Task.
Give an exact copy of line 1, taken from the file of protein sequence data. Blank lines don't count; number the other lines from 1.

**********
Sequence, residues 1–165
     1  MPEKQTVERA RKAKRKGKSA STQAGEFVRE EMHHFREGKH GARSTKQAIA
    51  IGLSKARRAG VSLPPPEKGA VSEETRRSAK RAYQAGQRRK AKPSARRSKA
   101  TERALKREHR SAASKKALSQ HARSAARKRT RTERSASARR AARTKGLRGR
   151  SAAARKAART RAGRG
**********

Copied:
Sequence, residues 1–165